In the female mosquito, the piercing part (called the fascicle) is formed by the labium, hypopharynx, a pair of mandibles and of maxillae. The latter two are what pierce the skin for blood sucking, the labium forms a sheath and the hypopharynx pierces the skin as well, but is immobile and just serves for saliva transfer from the mosquito to the host (there are no muscle attachments, and it’s linked to the salivary canal).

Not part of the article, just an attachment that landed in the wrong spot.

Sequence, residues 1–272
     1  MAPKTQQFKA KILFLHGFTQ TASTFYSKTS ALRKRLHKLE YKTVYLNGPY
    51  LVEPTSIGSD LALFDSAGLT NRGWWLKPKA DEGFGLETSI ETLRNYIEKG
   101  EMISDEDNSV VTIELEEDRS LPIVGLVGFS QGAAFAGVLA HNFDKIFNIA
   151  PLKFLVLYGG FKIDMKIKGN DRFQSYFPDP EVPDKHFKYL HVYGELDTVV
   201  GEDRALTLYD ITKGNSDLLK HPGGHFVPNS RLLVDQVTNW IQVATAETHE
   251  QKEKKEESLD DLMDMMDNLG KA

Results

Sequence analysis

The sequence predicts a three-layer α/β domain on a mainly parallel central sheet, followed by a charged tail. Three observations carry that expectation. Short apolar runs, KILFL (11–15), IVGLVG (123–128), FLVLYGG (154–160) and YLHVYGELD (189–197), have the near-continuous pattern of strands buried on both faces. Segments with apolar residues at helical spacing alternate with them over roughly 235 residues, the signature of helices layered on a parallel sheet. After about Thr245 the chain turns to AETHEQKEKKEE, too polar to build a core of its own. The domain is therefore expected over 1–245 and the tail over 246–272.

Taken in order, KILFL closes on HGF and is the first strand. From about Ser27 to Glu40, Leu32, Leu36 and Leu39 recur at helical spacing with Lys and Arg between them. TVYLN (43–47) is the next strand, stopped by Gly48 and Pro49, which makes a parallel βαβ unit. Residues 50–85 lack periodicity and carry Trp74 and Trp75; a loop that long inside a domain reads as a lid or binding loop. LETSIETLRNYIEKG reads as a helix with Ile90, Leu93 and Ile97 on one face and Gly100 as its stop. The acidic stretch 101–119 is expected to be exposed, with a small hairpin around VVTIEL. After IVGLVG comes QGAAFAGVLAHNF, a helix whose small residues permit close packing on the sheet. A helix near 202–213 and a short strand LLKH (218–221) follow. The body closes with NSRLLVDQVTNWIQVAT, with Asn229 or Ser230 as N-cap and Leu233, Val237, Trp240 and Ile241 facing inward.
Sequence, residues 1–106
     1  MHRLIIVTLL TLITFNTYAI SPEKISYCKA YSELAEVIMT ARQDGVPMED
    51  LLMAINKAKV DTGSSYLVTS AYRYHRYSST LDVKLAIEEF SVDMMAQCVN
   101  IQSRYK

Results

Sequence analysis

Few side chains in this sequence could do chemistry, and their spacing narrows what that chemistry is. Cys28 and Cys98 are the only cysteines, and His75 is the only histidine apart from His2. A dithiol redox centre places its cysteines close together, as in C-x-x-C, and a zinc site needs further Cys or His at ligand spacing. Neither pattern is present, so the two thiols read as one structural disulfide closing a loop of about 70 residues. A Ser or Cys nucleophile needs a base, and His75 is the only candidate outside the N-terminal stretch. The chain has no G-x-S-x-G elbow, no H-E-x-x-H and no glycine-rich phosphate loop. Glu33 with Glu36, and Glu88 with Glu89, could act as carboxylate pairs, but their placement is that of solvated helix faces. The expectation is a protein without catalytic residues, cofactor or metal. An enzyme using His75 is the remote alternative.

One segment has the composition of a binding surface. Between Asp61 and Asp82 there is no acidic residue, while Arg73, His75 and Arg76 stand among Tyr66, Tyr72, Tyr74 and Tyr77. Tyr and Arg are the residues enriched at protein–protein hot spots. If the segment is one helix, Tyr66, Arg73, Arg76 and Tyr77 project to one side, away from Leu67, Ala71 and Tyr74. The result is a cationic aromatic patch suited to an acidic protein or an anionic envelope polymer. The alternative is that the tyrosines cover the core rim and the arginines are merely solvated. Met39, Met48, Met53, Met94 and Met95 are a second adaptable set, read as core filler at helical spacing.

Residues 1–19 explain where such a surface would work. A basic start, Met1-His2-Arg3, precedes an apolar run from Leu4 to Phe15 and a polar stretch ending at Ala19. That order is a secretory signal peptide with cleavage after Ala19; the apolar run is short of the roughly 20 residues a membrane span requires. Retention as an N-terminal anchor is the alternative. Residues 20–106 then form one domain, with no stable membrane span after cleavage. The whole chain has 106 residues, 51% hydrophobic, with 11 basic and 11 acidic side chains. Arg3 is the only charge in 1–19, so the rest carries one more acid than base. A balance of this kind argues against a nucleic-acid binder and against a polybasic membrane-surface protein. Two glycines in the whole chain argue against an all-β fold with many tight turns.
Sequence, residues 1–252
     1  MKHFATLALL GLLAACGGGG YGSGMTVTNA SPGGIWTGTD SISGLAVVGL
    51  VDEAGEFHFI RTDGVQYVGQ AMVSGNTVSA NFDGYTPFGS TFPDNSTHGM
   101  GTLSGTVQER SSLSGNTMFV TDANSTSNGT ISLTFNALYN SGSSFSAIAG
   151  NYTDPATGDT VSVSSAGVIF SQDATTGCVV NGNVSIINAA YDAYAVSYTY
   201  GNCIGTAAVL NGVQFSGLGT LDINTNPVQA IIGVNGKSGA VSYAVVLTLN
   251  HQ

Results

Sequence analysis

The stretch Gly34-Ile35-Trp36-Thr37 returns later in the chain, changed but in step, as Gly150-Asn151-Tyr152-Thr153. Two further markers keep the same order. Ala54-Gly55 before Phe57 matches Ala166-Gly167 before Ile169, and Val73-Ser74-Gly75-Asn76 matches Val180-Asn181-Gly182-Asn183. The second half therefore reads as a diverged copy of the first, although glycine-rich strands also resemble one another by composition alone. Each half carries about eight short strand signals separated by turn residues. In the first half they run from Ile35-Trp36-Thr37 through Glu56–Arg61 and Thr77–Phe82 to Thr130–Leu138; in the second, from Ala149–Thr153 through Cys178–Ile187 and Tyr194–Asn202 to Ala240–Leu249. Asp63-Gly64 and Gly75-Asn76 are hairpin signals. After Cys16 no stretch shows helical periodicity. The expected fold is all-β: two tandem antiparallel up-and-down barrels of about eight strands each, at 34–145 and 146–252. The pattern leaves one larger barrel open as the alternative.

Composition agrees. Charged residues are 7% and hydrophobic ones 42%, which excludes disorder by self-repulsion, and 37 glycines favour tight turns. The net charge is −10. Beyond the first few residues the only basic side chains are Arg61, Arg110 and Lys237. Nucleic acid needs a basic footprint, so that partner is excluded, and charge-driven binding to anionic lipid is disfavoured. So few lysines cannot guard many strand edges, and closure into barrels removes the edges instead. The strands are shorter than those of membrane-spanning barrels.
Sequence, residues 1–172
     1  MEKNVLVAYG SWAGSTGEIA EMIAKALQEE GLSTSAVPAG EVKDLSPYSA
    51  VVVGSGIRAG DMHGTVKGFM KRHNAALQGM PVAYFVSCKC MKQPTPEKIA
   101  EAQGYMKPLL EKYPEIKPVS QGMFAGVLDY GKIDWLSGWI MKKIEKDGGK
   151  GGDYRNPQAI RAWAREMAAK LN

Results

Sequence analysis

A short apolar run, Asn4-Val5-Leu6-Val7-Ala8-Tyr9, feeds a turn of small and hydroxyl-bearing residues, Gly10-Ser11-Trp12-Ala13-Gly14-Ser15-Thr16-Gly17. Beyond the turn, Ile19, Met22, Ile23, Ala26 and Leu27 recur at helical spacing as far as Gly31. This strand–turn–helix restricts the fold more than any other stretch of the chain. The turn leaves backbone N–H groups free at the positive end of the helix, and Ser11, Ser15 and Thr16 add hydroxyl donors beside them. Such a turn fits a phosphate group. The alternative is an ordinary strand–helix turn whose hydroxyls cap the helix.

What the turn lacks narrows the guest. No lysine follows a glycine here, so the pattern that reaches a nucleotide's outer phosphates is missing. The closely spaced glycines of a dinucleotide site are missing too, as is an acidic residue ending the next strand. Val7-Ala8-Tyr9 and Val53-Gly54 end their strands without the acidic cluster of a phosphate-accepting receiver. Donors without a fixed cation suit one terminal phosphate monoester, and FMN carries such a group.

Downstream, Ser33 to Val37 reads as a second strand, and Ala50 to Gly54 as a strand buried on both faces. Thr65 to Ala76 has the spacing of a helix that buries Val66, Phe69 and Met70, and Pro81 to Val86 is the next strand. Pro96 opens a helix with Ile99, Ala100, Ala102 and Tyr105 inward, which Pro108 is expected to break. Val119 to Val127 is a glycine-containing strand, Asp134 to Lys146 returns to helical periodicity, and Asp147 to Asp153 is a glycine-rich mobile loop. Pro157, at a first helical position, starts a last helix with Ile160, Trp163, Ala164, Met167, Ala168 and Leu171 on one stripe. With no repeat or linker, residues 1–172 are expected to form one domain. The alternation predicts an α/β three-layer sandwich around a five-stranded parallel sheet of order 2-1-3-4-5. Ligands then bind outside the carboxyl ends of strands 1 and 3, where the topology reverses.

In the males, the hypopharynx and the labium are fused together (forming the creatively-named labio-hypopharynx). This means that it cannot pierce at all, but that the sheath formed by the labium is linked to the salivary canal. The saliva thus drips on the food (nectar) or covers it while it’s getting sucked up, starting the digestion a bit earlier, and also providing some protection against any bacteria swimming in the nectar.